less than zero the movie was really bad but the book was something out of left field. bret easton ellis's writing style is something that must be taken with a grain of sugar...american psycho was a twisted book and a decent movie...dawg, do you like the apocalypse redux? i think that some of the added scenes really improve an already great film...is anyone a michael mann fan here?
In no particular order...A Perfect World, Shawshank Redemption, Green Mile, Apocalapse Now(of course), any Stanley Kubrick, any John Belushi, Caddyshack, The Hustler, Requeim for a Heavyweight, Easy Rider, Vanishing Point.
laying in bed, I finally remembered this movie, the counterfit money movie. I was going nuts, kind of confusing the title in my mind with Less Than Zero, which is another really cool movie (but a much better book) by the by...
glad to see, GRTUD, you are back to your old self...
bite the bullit on that one, if you would.
In case anyone was wondering, I'm logged in as Golden Road because someone brought to my attention a 1987 Philly Spectrum concert was dated incorrectly and I posted a comment from my experience which was slated to be removed. I logged in as my new, old, new self only to find that a PM had been sent to that effect. I simply forgot to log out and in as my new, old, new, old self. In case anyone was wondering (I really wasn't trying to fluff the image of this thread....)
"Who the fuck are the Knutsens?"
Great movie! One of my favs as a kid. I saw this at the movie theater and really felt like I was in that car going up and down the hills of SF. Years later when I actually went to SF I could appreciate the thrills all over again.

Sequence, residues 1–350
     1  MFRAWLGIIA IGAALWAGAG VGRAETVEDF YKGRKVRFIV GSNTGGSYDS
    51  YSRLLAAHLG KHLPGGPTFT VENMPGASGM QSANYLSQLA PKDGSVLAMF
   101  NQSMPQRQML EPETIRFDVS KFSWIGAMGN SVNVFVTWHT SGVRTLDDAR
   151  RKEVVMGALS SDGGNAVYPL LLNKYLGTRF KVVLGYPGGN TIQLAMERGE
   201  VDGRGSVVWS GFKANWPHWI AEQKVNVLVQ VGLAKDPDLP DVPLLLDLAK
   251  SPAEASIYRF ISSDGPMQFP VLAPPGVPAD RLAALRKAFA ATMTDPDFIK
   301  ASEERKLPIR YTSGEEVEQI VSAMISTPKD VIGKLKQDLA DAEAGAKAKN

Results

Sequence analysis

"This aggression will not stand, man....."
yeah, I think he showed a bit too much of the under-belly of post war Japan is another reason, unfortunately my 'source' for free sub-titled Kurosawa films dried up years ago but it was great while it lasted.... I saw most of his early stuff, but not too many in the 70's or 80's genre. I always prefered his modern set films, especially the ones with gangsters or evil do-ers. but I dug Yojimbo, too. have you ever seen any Japanese Yakuza fims? (a lot were made in the 1970's) many are kind of cheesy, but they are an interesting sub-culture.
I'll try to find 'Dreams'
has anyone ever seen to live ad die in L.A.? it has a car chase scene that is up there with bullitt(another classic) and french connection(yet another classic)...did steve mcqueen ever make a bad movie?
lebowski is in the coen triple play of raising arizona and fargo..."I'll take these here Huggies and any money that you might have in the register."
Hey CC, I really like After Hours too. One of Scorsese's underrated films along with King of Comedy.
As for Kurosawa, the Japanese critics were always hard on Kurosawa because his films were thought to be too "western." Yojimbo is essentially a Samurai western. His favorite director was John Ford. Anyway, he didn't do much in the '70s after his suicide attempt. He did get funding from the USSR for the little seen Dersu Urzula. It's really a good film. Well, his comeback was spurred by Scorsese, Lucas, and Coppola personally funding 1980's Kagemusha, which was something of a dress-rehearsal for Ran. Incidentally, Scorsese makes a cameo in Kurosawa's 1990 film Dreams. It's a beautifully strange film. He literally filmed his dreams. Interesting.
Yo Soy Boricua!
I had the great opportunity years back to see almost all of Kurosawa's films, some that I really liked:
Drunken Angel (1948),
The Quiet Duel (1949).
Stray Dog (1949
and there was another I liked called Dodeskaden (1970) about a semi retarded boy who loved trains... I just read on the above link website, it was panned by the Japanese critics and Kurosawa attempted suicide because of that. fuck the critics, I thought it was great.
and Scorcese is the master of American film in my book, almost everyone has seen Goodfellas, but I also really like After Hours.